My Flow Hive: Week 20.1 – Small Hive Beetles Up Close

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To be up to date with the latest information in the beekeeping industry to can visit our beekeeping latest news. On the other hand in case you’re beginning beekeeping and would like to start professional apiculture now get a copy of our beekeeping for beginners ebook.

Beekeeping, like every other action, has its dos and don’ts. Start beekeeping normally includes the gear that is needed and purchasing bees. Nevertheless, some people who are beginning this avocation generally make a few blunders. It’s ok to make mistakes, and also this post can help new beekeepers prevent making precisely the same mistakes others have before.

Here are three blunders which every beekeeper should prevent:

1. Not knowing the best time to begin avocation or a beekeeping company can end up being a disaster. It often leads to some loss of your bees and money. Winter is the worst possible time to start, since most bees perish during winter months. This would drive a beekeeper to buy a brand new batch of bees, which would be more expensive money. Autumn is another inferior time to begin beekeeping, since there are fewer blooms, thus a smaller quantity of honey harvested. The best time to start beekeeping is during summer, which can be the time of the year where there are loads of blooms that are blooming.

2. Buying used gear and old books on beekeeping. This is a typical error made by many start beekeepers. It’s clear that one would want to cut costs as much as possible, but purchasing used equipment and old beekeeping novels isn’t a great idea. First, used equipment can come with “inherited” difficulties. The extractor outlet might have a leak, or the uncapping knife mightn’t be sharp enough to uncap all the wax. This would certainly impact the quality of one’s honey, which isn’t an ideal scenario particularly if a beekeeper is planning to start a honey-selling company. Second, dated info can be provided by old novels on beekeeping. One might be stuck using the traditional method when there are faster and better methods manufacture honey and to maintain beehives.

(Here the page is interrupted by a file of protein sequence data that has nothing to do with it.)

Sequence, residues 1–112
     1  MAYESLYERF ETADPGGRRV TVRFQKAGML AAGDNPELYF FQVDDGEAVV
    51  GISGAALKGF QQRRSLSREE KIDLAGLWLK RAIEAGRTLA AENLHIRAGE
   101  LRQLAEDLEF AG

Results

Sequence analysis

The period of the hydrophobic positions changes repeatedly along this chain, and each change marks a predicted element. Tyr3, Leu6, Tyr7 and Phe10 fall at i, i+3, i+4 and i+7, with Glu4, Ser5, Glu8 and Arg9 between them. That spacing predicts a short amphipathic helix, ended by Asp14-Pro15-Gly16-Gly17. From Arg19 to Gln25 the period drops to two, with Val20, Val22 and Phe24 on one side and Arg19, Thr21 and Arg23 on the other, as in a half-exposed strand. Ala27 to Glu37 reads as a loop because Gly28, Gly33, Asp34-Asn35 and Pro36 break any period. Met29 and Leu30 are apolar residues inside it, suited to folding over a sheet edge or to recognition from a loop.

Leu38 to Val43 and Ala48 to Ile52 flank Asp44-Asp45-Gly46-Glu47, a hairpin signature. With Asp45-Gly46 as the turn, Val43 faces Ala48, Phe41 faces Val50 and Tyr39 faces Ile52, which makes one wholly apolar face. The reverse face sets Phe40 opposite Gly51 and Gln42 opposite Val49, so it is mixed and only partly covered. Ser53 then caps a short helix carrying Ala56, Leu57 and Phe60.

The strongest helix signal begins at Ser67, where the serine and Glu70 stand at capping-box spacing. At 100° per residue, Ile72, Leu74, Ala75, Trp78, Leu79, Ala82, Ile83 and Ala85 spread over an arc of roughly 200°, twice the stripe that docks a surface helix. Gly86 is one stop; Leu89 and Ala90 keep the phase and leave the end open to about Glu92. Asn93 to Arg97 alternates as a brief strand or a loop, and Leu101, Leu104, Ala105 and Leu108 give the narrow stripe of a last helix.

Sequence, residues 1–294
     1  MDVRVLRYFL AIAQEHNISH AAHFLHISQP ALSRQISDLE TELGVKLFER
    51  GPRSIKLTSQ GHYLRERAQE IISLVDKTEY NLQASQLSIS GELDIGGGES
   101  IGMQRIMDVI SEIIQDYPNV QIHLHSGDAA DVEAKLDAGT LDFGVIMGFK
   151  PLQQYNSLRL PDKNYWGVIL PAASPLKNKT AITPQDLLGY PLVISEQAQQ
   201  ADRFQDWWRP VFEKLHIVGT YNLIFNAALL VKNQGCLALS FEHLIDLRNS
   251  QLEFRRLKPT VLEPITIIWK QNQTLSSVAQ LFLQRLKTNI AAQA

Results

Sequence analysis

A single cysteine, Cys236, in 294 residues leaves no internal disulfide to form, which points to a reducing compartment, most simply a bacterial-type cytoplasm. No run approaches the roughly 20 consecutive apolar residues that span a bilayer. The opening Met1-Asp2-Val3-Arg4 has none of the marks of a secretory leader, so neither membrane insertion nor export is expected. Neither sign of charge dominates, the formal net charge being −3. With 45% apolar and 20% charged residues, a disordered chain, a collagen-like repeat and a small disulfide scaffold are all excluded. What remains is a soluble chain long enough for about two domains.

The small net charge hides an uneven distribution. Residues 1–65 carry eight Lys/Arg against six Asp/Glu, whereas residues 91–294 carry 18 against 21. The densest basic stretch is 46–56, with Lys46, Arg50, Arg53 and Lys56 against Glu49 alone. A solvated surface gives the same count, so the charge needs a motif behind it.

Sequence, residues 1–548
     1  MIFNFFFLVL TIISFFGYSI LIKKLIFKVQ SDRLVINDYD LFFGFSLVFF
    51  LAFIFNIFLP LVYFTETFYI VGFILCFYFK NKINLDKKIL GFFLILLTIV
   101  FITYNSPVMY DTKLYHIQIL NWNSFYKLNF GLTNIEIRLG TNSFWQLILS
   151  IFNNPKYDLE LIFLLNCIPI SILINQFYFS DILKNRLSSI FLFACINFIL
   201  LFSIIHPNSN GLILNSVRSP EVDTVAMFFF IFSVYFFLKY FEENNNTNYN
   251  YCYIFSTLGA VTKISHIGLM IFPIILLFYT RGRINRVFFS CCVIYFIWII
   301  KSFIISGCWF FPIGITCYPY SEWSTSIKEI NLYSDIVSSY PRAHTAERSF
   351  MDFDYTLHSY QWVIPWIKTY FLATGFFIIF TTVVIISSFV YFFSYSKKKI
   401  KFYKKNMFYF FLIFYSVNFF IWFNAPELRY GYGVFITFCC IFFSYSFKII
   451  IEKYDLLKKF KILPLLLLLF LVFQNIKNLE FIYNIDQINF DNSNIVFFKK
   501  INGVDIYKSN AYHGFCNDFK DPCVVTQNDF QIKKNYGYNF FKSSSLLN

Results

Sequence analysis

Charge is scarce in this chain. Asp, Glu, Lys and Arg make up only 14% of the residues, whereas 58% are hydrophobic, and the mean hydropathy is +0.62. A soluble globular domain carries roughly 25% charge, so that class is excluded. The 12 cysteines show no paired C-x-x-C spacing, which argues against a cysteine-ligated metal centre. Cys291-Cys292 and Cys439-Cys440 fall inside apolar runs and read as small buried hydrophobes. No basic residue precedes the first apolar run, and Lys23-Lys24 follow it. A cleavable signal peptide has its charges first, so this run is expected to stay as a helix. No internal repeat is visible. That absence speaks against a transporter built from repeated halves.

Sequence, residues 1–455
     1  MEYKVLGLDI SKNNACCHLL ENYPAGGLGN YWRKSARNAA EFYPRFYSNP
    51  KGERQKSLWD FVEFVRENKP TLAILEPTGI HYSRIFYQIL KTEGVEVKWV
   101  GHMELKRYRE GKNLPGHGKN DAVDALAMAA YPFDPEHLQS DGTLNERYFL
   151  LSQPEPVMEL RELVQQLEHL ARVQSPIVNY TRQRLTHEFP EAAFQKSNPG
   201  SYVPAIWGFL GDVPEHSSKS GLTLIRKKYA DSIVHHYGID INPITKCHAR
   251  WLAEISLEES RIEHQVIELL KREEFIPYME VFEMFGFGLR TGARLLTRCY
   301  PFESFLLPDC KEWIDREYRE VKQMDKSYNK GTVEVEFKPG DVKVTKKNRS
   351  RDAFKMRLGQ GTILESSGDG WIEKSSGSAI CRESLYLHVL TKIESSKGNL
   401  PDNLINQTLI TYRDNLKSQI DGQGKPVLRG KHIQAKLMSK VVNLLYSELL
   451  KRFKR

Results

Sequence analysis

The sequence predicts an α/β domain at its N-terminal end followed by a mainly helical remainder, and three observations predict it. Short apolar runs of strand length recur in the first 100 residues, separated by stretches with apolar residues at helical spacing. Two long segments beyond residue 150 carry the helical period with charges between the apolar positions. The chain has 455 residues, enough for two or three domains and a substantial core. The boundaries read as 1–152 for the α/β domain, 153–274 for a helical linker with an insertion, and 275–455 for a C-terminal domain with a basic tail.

3. Refraining from purchasing protective equipment. Think about this. If one doesn’t wear protective gear when handling the hives and amassing the honeycombs, he/she’ll most likely come out as a pincushion with all the bee stingers. Protective gear is not cheap, yes, but it will help beekeepers avoid spending medical bills from all the bee stings.

These three errors are presented here to help future beekeepers prevent them. It truly is best to consult a specialist beekeeper before getting started beekeeping. If purchasing a certain thing looks too expensive, always consider the ending cost ( in case that they do not purchase this thing now, will it cost them more later on?). In the end, it truly is up to the person to determine the best course of action.

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